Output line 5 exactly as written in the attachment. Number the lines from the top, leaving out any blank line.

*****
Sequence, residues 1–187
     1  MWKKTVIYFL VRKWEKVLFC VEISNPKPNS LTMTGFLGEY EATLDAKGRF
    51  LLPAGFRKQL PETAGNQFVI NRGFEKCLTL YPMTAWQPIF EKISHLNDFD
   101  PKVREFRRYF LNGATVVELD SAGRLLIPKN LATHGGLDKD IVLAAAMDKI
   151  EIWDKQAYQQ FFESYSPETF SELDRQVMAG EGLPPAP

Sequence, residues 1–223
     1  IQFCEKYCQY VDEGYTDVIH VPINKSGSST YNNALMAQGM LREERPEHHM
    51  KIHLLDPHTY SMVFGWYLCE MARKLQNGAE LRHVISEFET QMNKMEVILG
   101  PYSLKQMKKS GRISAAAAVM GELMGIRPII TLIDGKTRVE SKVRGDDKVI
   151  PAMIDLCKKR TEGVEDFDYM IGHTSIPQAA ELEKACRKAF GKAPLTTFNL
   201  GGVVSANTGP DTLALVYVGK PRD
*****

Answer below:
   151  EIWDKQAYQQ FFESYSPETF SELDRQVMAG EGLPPAP